Raytheon Technologies has launched a project to advance hybrid-electric propulsion technologies, while also progressing with development of a 1MW motor to be installed on a hybrid-modified De Havilland Canada turboprop.
The company’s subsidiary Collins Aerospace recently completed a preliminary design review of the 1MW motor, Collins says on 18 July.
It is displaying the motor this week at the Farnborough air show.
That project is not new. But the separate hybrid-electric development programme – disclosed on 18 July and called the Scalable Turboelectric Powertrain Technology (STEP-Tech) demonstrator – is.
Collins and fellow Raytheon subsidiary Pratt & Whitney are leading STEP-Tech from Raytheon’s site in East Hartford, Connecticut.
With both projects, Raytheon seeks to reduce the aerospace industry’s carbon output. Executives say hybrid propulsion could first power turboprops and then narrowbody passenger jets. By 2035, Raytheon aims to launch a hybrid-electric version of P&W’s geared-turbofan engine – with 25% efficiency gains, it says.
“The STEP-Tech demonstrator… will focus on developing high-voltage distributed turbo-electric hybrid-electric propulsion concepts in the 100-500kW-class, with potential to scale to 1MW and beyond”, the companies say. “The demonstrator platform will include full end-to-end system capabilities, including a high-efficiency turbo-generator, energy storage, power electronics and modular electrically driven propulsors.”
The demonstrator will not be an actual aircraft. It instead will help mature technology potentially applicable to electric vertical and take-off and landing (eVTOL) aircraft, unmanned aerial vehicles and “small- to medium-sized commercial air transporters”, say Collins and P&W.
The companies this year completed “proof of concept studies” and intend to begin STEP-Tech ground testing in late 2022.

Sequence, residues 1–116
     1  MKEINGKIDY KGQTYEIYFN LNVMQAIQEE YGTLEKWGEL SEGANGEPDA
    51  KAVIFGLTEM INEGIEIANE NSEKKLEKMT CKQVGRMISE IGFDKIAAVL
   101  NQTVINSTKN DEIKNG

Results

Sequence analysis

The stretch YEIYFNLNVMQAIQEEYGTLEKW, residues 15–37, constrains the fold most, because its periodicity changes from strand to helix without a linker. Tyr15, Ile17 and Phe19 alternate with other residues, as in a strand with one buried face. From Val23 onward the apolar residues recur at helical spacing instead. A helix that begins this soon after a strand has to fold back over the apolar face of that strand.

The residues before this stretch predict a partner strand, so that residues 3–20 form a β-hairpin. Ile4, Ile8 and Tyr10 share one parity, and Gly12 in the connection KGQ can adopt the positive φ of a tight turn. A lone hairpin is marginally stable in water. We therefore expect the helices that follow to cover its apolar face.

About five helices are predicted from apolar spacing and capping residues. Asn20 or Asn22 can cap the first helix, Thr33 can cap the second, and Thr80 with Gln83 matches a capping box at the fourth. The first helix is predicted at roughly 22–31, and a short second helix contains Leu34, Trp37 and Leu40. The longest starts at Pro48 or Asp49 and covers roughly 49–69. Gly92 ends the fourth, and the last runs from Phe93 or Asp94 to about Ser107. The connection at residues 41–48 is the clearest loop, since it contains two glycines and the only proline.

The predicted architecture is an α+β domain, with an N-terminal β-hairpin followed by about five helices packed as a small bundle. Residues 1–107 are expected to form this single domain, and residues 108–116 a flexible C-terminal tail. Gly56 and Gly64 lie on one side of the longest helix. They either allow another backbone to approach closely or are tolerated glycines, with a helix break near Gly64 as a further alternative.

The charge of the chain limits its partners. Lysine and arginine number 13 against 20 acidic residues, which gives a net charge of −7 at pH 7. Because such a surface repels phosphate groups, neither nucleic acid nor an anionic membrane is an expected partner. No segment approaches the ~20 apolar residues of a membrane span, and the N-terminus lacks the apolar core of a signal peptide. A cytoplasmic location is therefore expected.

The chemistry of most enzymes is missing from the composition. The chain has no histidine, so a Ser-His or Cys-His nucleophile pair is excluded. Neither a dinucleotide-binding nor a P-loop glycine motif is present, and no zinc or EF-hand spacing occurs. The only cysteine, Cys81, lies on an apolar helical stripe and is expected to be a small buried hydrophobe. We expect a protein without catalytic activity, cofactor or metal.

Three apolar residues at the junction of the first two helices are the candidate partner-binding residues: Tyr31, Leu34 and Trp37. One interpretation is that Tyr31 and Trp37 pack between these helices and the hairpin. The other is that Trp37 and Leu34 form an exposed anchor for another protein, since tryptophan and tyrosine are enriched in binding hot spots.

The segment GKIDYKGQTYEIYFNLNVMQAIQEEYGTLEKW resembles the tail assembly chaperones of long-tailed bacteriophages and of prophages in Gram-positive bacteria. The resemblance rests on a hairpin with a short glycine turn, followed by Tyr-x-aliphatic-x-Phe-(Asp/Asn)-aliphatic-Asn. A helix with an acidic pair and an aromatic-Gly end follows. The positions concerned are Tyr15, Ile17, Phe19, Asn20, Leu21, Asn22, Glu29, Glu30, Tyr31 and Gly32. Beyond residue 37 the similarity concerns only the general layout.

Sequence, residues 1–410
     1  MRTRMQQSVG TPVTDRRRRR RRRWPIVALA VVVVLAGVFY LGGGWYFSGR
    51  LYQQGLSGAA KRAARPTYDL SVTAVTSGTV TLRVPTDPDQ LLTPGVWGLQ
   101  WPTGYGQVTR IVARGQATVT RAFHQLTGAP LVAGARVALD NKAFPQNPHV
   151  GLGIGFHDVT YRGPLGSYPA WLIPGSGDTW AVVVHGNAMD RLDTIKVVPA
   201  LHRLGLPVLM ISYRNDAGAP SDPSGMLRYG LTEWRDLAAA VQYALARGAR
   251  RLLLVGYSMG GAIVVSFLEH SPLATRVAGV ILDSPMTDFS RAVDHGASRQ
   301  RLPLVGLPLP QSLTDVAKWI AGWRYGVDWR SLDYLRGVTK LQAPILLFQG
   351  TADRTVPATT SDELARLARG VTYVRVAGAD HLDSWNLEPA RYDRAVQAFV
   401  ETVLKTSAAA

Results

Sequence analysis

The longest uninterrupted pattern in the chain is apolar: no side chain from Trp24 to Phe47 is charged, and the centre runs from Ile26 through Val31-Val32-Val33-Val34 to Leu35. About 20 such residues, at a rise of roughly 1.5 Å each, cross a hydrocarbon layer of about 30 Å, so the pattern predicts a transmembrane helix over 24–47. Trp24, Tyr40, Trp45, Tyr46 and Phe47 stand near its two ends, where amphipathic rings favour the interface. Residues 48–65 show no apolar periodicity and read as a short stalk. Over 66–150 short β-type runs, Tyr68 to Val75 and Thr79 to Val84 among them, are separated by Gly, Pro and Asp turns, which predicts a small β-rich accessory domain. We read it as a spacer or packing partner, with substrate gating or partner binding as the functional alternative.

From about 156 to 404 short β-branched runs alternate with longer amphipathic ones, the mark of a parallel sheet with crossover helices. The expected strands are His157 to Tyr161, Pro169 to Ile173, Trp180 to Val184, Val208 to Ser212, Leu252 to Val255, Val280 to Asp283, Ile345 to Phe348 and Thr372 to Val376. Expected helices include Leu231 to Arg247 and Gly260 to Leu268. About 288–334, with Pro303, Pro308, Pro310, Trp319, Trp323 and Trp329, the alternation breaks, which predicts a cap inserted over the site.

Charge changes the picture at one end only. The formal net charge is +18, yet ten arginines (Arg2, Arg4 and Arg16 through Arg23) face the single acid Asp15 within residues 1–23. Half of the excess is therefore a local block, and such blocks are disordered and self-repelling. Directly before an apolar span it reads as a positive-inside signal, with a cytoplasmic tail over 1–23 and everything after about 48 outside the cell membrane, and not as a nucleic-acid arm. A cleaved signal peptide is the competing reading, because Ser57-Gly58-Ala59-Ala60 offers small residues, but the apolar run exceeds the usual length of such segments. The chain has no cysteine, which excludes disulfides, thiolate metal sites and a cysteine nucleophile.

Separately, Collins completed the design review of its 1MW motor and a motor controller, and “has tested both systems to full current, voltage and speed”, it says.
Collins is developing the motor in the UK city of Solihull, and testing it at the University of Nottingham’s Institute for Aerospace Technology.
The motor is to compose a hybrid-electric system intended to power a Dash 8-100 turboprop. Collins intends this year to ship the motor to Pratt & Whitney Canada (P&WC), which is leading the Dash 8 modification project. Other partners include De Havilland and Swiss battery maker H55.
P&W and Collins revealed the modification effort in 2019 and, previously, aimed for the hybrid Dash 8 to make first flight in 2022. The timeline slipped amid the pandemic.
Now, Collins pegs that milestone for 2024, with flight tests happening in Montreal. Ground tests are to start this year.
The partners plan to mate Collins’ 1MW motor with a 1MW fuel-burning engine supplied by P&WC, creating a 2MW hybrid system. They will replace one of the Dash 8’s two PW100 turboprops with that system.
“The electric motor will provide extra power during take-off and climb, allowing the fuel-burning engine to be optimised for cruise efficiency,” Collins say.
“We can operate this propulsion system either on the motor generator, or the thermal engine, or both,” says P&W vice-president of propulsion and material technologies Frank Preli.
Such technology could improve turboprop efficiency by 30% and be in service around the mid-2030s.
Collins will continue advancing its electric-motor work at a Rockford, Illinois lab it calls “The Grid”, which will be fully operating in 2023, says Collins vice-president of engineering for power controls Bill Dolan.
Collins previously said The Grid would open in 2020.
Longer term, the Raytheon companies intend to mate a 1MW motor to a variant of the PW1100G turbofan, which powers Airbus A320neo-family jets, says Preli.
With such a configuration, the electric system would generate only about 5% of combined system’s power – not half, as with the turboprop, Preli adds. “Even at this mild level, it makes a lot of sense… The architectural can grow and evolve as energy storage evolves.”
A hybrid-electric turboprop as feasible in the next decade but a hybrid-electric turbofan will require more time, Preli says. “There’s a tremendous amount of work to do.”